The Cameron/Osborne plan is as clever as it is deceitful. By playing out the string on “reform” and “renegotiation”—probably for the best part of the next two years—the Tory Party practically guarantees that the legacy hacks, which are almost entirely reliant upon “prestige” sources for their information and opinion, will centre the legacy debate (almost exclusively) on what Cameron seeks from the “renegotiation”. Can he get this? What about that? He’s not even asked for the other!
The Vote Leave group is particularly vulnerable to this “play” owing to the long history of Vote Leave Limited CEO, Matthew Elliott, inanely repeating the “reform” and “renegotiate” mantra that experienced “leave” campaigners have been hearing from Tory Party spokespersons for going on 30 of the last 40 years of Britain’s EU membership. Whether this is a case of the supine Elliott hoping for preferment within Tory Party HQ, while keeping his genuine desire for Britain to leave the EU private, or whether there is a more sinister motive for this equivocation is arguably less relevant than the fact that neither Elliott nor Lord Lawson, who leads Conservatives for Britain—both of whom accept that the British public must wait and see what “reforms” Cameron returns with from his “renegotiation” in Brussels—have any credibility when it comes to opposing Britain’s EU membership on the point of principle that subordination to a supranational entity is fundamentally unacceptable for Britain—and always will be.
As those who have been paying attention are already aware, there are no negotiations. The “negotiations” are a shell game to occupy the legacy hacks. While these frivolities keep the children entertained, the mainstream debate is just beginning to make itself heard above the din of the “high-noise” leavers and the irrelevant “remains”. How and by whom Britain should be governed and the role that Britain should play in shaping the process of economic globalisation and the emerging global single market all need to be addressed. Does anybody accept David Cameron’s vision for Britain as a third-rate country in a two-tier treaty union in which the national institutions that “represent” us as citizens remain subordinate to the European Commission, the European Council, the Council of Ministers, the European Parliament and the European Court of Justice? Or do we wish for Britain to be an active participant in the global system with independent representation globally and democratic accountability running through our national government like a stick of rock?
This is the debate that Cameron and Osborne do not want the British people to have; it is a debate in which the legacy hacks have no interest; and, whatever their intentions, it is a debate from which the Vote Leave and Leave.EU campaigns have absented themselves. As Alastair Campbell said on Question Time in May, just after the Tory’s unexpected election victory—not predicted by any of the legacy pundits who we are expected to take ever so seriously—“…even having the debate is dangerous”.
Those words have been ringing in my ears ever since. “… even having the debate is dangerous…” He’s not wrong. Campbell, and his ilk—Osborne, Cameron, Clegg, Clarke, Mandelson—will do everything in their power to prevent the British people having a debate about leaving the European Union. The only option on the table in the debate that they would like to frame is “reform”—Vote Leave, Get Reform; Vote Remain, Get Reform—but the so-called “reform” that Cameron proposes is merely a form of words. Osborne, the supposed strategist who is leading the “negotiation” theatre, would just as soon the British people have a “national debate” about flower-arranging, if he thought that it would serve his purpose, but, no, that would be a little too obvious, so “reform” it is.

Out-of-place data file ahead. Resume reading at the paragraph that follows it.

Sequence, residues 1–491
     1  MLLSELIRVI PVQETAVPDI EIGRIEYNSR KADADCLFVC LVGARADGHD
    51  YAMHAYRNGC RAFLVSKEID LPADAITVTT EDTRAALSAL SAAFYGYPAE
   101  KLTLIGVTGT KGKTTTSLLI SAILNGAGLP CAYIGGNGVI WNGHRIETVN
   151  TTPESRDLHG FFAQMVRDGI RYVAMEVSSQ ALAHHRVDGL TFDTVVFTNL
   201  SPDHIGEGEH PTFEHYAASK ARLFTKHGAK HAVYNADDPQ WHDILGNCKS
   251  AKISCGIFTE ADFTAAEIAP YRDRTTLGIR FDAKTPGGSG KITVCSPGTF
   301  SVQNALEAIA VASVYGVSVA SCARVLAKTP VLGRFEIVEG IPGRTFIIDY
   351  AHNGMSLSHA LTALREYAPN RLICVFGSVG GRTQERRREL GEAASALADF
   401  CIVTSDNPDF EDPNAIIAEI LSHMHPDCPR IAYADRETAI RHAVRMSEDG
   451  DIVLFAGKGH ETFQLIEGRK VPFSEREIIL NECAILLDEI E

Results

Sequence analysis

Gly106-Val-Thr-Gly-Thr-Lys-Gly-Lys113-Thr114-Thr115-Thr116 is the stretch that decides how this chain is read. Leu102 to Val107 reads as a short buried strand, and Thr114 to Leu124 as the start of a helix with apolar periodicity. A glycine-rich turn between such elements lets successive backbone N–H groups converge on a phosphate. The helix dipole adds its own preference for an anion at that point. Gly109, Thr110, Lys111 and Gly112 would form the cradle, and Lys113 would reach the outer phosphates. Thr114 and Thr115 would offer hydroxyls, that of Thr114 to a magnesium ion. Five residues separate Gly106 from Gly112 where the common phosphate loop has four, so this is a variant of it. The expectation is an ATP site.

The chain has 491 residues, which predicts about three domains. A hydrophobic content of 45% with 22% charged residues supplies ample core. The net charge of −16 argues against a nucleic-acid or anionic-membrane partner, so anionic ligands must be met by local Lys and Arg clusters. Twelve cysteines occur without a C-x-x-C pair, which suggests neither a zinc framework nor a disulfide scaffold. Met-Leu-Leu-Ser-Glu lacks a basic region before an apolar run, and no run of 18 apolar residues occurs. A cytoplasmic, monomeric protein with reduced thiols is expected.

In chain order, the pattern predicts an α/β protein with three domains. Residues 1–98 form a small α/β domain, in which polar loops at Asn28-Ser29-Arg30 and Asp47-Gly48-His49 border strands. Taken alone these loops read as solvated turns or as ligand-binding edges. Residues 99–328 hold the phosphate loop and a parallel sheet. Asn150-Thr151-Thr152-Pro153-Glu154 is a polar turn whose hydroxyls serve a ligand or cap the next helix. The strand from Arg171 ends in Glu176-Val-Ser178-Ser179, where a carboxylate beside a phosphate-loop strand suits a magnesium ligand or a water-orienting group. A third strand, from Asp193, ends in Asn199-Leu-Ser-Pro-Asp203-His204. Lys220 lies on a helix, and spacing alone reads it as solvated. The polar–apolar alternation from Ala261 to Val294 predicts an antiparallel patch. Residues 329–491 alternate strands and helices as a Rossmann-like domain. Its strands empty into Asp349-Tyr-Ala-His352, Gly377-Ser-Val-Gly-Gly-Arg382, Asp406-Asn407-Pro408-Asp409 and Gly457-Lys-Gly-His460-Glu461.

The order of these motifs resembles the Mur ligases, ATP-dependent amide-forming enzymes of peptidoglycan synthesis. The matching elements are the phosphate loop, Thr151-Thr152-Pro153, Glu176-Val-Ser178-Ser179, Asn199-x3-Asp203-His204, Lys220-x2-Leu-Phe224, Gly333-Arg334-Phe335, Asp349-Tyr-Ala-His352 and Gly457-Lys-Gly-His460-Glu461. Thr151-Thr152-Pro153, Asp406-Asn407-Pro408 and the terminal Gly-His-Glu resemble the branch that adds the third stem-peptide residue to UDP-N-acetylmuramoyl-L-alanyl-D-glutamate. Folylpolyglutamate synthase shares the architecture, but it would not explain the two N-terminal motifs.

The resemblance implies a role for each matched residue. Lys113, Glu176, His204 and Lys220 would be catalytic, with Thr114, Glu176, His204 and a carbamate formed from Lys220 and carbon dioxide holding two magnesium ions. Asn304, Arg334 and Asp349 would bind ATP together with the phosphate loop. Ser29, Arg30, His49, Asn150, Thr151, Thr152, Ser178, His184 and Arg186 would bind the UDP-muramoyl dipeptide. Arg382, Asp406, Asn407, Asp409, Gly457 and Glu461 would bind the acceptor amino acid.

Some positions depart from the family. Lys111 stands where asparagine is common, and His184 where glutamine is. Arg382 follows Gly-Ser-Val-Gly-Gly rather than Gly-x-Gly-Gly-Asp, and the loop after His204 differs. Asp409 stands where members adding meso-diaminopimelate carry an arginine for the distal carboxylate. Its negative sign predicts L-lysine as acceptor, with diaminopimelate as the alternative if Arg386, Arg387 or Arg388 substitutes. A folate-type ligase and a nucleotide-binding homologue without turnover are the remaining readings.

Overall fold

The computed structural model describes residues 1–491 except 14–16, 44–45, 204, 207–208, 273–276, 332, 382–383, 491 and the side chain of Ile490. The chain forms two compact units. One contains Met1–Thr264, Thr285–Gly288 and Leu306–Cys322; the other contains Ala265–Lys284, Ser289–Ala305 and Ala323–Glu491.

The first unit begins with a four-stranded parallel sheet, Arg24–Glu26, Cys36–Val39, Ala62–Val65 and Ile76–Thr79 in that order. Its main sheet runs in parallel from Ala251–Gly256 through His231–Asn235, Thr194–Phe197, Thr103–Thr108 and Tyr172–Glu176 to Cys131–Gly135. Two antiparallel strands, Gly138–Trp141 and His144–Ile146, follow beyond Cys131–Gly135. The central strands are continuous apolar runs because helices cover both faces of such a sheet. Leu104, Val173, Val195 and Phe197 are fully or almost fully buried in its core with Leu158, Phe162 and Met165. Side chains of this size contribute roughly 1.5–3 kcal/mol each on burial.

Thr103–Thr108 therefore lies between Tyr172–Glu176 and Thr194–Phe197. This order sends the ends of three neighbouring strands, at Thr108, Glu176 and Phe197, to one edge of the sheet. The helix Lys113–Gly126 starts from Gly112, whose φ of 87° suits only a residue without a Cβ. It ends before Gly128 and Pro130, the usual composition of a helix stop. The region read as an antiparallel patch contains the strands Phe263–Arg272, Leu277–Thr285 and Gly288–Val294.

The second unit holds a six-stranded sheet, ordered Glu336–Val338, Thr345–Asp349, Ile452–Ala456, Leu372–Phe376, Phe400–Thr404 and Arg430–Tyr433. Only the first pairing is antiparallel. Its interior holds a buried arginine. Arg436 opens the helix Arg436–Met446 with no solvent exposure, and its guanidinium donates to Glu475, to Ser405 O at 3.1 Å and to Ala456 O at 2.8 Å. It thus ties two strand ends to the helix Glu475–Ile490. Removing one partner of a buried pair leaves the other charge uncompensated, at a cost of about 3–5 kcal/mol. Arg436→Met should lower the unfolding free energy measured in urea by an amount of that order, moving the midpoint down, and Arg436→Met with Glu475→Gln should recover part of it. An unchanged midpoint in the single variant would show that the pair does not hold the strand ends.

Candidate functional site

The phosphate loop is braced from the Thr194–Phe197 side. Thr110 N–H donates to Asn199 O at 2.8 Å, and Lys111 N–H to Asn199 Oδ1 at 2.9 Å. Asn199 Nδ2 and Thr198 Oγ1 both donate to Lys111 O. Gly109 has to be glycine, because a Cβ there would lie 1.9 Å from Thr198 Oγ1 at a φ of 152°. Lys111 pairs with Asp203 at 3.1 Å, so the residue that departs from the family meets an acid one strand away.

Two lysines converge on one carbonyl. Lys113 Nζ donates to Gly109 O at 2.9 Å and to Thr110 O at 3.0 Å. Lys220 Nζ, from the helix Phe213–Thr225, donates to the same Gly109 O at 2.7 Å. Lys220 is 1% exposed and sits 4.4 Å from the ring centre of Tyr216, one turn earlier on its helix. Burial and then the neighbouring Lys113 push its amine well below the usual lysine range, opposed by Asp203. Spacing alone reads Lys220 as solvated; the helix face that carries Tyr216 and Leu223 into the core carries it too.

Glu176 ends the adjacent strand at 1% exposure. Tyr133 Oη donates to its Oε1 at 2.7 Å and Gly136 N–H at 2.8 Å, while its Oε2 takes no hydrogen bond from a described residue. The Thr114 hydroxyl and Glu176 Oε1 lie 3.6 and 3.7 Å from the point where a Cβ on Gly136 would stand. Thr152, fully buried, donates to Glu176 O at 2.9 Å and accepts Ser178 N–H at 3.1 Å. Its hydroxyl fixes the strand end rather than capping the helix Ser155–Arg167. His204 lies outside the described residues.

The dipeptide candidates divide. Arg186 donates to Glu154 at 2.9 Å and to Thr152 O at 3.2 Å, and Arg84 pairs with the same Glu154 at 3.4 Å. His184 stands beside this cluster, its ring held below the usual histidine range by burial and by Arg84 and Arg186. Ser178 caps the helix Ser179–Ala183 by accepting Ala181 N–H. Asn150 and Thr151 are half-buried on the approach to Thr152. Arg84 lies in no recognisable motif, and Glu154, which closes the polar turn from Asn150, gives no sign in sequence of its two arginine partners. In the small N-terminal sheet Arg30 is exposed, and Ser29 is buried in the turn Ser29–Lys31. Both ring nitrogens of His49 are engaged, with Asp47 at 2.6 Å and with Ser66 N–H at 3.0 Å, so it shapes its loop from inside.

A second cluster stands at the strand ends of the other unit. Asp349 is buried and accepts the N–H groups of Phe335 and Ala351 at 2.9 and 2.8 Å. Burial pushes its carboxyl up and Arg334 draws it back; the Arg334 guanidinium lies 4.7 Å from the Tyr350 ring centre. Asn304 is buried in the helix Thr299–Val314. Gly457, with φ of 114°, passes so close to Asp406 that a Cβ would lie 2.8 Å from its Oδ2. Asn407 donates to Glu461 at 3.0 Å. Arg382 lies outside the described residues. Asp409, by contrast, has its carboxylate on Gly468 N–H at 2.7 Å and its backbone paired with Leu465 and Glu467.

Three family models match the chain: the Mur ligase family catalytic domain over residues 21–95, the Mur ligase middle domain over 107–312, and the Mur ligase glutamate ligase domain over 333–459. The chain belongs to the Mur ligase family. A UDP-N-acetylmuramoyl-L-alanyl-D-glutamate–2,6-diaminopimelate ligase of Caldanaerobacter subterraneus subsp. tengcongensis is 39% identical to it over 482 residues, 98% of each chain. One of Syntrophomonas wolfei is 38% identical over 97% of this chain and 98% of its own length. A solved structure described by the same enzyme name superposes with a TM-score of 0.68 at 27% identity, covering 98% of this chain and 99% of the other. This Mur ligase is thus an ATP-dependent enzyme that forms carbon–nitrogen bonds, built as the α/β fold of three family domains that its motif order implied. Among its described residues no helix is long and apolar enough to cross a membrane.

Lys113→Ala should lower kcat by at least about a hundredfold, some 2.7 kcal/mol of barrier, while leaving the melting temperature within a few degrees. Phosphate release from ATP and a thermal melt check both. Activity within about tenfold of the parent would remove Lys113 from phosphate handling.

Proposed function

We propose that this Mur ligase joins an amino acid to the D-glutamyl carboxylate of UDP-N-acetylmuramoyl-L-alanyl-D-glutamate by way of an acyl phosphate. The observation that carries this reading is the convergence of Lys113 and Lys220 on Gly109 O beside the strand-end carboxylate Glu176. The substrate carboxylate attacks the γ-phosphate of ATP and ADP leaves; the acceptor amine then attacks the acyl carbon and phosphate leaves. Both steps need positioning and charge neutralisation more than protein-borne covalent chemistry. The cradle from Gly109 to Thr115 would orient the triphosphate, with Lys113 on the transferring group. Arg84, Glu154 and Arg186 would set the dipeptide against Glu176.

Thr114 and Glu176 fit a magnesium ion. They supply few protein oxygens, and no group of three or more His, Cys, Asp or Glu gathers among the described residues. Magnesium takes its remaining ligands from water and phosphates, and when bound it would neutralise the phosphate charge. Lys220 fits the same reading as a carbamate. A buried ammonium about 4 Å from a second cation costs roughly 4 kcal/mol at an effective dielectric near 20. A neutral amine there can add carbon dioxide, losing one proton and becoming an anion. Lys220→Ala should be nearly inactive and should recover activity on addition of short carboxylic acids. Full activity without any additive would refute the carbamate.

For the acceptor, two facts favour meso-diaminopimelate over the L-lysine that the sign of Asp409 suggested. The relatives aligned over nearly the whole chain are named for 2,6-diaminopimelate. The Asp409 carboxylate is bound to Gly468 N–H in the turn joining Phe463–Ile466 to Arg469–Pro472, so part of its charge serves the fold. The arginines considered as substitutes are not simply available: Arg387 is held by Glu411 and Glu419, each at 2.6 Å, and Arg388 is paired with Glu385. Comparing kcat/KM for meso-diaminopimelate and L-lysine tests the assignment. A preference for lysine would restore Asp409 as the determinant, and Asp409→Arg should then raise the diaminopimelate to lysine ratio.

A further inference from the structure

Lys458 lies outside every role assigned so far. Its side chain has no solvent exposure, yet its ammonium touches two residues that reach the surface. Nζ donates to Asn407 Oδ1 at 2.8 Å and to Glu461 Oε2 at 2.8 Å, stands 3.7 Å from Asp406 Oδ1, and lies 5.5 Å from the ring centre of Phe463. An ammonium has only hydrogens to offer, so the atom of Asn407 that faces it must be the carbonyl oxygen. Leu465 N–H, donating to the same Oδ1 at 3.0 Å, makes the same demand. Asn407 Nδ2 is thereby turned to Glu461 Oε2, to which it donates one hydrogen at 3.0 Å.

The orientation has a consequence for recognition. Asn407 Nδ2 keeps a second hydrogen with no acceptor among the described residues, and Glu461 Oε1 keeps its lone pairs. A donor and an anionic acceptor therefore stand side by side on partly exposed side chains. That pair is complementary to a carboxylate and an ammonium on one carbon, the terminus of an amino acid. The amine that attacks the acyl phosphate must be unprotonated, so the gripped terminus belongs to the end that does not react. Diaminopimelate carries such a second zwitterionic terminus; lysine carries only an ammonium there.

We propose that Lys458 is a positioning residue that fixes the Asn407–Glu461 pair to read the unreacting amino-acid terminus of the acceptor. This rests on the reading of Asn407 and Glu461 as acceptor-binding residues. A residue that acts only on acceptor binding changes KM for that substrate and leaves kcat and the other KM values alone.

By contrast, having set our mind on the “leave” outcome, let us seek to explain why leaving the EU is not only better for Britain, but the opportunity of a lifetime for all of us. The political parties do not hold all of the cards. We the people have considerable power of our own and we will have the opportunity to exercise it at the ballot box. First though we must break out of the (partially self-imposed) prison that accepts the outcome of this referendum is somehow fixed either way.
The Norway (Interim) Option can assure a secure transition from EU Member State to independent nation-state which protects jobs and investment. The next question is: What happens afterwards? The Flexcit plan outlines an ambitious policy that would see Britain co-operating with the remaining EU Member States and other European nations to create a genuine free trade area in Europe, as a stepping stone to global free trade with partner countries around the world. This is the kind of proposal that only an independent Britain, with all of the ingenuity, innovation, intelligence and skill of the British people at its disposal, could play an active role in shaping.
The legacy pundits have nothing to say about any of this, so, unless or until they decide to join us, we will have to let them get on with whatever it is that they do nowadays. If you wish to participate in the mainstream debate, there is serious work to be done.